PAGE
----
The ``blue phases'' of a highly chiral liquid crystal are defect-studded structures of double-twist cylinders that are laced together. The three phases, BPI*, BPII* and BPIII* differ only in the packing of the double-twist cylinders. Until recently, blue phases were of limited practical use because they appeared for only a very narrow temperature range. Mixtures that show BPI* and BPII* phases for wide temperature ranges at or around room temperature are now available [1]. Relatively wide temperature BPIII (the blue fog) phase so far was available only at very high temperatures [2]. Here we present mixtures with room-temperature wide range BPIII* phase and compare the ability of chiral dopants to form the different blue phases in a base nematic mixture. PDLC films cast with blue-phase material are also examined.[3pt] [1] H. Coles and M. Pivnenko, Nature 2005 436-18 997-1000 [0pt] [2] C. V. Yelamaggad, I. S. Shashikala, G. Liao, D.S. Shankar Rao, S. K. Prasad , Q. Li A. Jakli, Chem. Mater Comm, 2006, 18, 6100-6102

Taushanoff, Stefanie; van Le, Khoa; Twieg, Robert; Jakli, Antal

2009-03-01

355

Magnetic-phase transitions and magnetocaloric effects  

Microsoft Academic Search

We have studied the magnetocaloric properties of a variety of compounds, like Gd5(Si1?xGex)4 with x=0.576 and 0.5875, MnFeP1?xAsx with x between 0.25 and 0.65, RTiGe with R=Tb, Dy, Ho, Er and Tm, Ni53Mn22Ga25, Mn5Si3, and Mn1.95Cr0.05Sb. These compounds have in common that they exhibit either temperature- or field-induced first-order magnetic-phase transitions. Gd5(Si1?xGex)4 exhibits simultaneously a magnetic and a structural transition,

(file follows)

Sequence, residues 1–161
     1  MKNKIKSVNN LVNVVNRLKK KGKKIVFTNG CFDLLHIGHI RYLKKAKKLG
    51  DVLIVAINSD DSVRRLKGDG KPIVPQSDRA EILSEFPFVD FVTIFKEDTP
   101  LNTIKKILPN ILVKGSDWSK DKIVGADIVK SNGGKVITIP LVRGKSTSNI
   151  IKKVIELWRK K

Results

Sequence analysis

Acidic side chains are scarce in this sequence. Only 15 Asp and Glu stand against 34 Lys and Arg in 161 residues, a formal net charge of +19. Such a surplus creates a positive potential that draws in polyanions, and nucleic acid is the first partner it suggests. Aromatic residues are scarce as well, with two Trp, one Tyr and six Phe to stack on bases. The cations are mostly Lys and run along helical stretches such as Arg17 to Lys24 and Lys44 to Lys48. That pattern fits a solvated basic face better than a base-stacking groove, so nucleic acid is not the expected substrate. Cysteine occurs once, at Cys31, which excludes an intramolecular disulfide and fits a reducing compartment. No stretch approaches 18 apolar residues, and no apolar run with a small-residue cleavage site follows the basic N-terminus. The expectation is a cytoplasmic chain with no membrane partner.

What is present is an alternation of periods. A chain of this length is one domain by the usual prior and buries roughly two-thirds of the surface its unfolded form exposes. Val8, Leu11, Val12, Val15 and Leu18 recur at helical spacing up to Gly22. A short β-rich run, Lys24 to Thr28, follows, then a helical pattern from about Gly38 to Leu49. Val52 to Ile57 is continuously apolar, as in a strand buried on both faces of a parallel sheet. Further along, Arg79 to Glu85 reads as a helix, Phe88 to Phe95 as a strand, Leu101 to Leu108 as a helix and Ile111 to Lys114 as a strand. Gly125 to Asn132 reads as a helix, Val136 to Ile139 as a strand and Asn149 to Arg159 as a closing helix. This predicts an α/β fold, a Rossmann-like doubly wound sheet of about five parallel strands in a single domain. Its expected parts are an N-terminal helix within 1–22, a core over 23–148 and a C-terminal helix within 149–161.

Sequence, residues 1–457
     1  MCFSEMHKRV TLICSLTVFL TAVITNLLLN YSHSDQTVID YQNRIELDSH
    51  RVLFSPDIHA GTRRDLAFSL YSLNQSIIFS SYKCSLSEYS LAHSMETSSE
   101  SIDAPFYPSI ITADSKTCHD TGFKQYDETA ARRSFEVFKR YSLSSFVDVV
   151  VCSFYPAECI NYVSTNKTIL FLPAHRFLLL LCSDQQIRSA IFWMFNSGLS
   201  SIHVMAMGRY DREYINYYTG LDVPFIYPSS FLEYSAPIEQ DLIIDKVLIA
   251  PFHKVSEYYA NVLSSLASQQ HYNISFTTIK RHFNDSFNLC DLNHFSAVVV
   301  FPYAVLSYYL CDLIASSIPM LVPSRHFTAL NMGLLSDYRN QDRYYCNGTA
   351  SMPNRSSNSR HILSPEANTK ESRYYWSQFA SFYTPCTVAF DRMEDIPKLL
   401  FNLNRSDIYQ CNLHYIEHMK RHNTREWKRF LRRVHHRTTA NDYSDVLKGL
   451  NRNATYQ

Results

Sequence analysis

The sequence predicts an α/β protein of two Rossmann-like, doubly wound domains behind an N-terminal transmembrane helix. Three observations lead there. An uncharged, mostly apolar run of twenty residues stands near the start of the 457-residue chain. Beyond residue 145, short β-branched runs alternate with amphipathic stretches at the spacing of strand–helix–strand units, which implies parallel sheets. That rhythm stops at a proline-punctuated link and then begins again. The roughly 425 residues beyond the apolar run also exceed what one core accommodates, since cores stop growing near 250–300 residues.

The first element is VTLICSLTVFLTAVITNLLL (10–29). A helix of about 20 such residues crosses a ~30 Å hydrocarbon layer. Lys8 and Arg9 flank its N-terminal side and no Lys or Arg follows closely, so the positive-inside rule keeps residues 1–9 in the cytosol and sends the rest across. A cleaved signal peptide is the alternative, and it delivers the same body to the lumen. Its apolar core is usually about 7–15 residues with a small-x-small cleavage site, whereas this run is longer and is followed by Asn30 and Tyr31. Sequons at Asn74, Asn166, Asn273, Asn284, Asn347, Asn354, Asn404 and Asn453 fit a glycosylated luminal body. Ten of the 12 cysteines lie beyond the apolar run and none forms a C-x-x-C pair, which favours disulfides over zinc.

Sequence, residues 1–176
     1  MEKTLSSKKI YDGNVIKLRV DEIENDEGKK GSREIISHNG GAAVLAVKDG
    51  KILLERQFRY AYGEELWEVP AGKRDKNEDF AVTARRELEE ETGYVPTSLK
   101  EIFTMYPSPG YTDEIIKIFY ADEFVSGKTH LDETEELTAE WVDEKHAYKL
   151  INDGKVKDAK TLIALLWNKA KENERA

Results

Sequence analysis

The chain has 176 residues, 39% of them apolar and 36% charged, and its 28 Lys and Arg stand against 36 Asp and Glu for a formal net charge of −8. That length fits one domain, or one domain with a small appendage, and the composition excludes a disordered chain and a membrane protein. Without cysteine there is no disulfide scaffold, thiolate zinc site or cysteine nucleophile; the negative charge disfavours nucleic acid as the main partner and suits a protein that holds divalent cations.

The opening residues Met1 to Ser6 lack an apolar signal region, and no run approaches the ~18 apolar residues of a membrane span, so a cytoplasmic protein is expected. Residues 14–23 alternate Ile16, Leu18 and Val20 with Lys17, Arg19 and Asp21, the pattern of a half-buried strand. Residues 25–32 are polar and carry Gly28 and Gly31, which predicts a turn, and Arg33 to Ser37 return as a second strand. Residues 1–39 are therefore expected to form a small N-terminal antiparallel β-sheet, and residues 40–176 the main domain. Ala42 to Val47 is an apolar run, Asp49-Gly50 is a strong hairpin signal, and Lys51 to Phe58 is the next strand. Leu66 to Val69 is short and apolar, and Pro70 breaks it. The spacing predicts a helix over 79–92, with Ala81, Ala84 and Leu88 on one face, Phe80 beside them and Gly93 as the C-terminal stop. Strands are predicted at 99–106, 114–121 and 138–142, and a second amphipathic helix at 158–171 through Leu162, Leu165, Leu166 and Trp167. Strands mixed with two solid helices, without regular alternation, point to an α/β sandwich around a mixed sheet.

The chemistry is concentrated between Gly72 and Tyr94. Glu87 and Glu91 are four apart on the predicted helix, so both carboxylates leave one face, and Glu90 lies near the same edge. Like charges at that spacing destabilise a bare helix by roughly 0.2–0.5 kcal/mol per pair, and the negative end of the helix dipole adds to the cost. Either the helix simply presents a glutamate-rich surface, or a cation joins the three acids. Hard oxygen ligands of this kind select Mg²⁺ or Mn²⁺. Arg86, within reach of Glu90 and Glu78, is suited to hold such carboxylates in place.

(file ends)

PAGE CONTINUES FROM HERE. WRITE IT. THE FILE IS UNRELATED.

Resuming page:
O. Tegus; E. H. Bruck; L. Zhang; W. Dagula; K. H. J. Buschow; F. R de Boer

2002-01-01

356

Topological Phase Transition without Gap Closing  

PubMed Central

Topological phase transition is accompanied with a change of topological numbers. According to the bulk-edge correspondence, the gap closing and the breakdown of the adiabaticity are necessary at the phase transition point to make the topological number ill-defined. However, the gap closing is not always needed. In this paper, we show that two topological distinct phases can be continuously connected without gap closing, provided the symmetry of the system changes during the process. Here we propose the generic principles how this is possible by demonstrating various examples such as 1D polyacetylene with the charge-density-wave order, 2D silicene with the antiferromagnetic order, 2D silicene or quantum well made of HgTe with superconducting proximity effects and 3D superconductor Cu doped Bi2Se3. It is argued that such an unusual phenomenon can occur when we detour around the gap closing point provided the connection of the topological numbers is lost along the detour path. PMID:24071900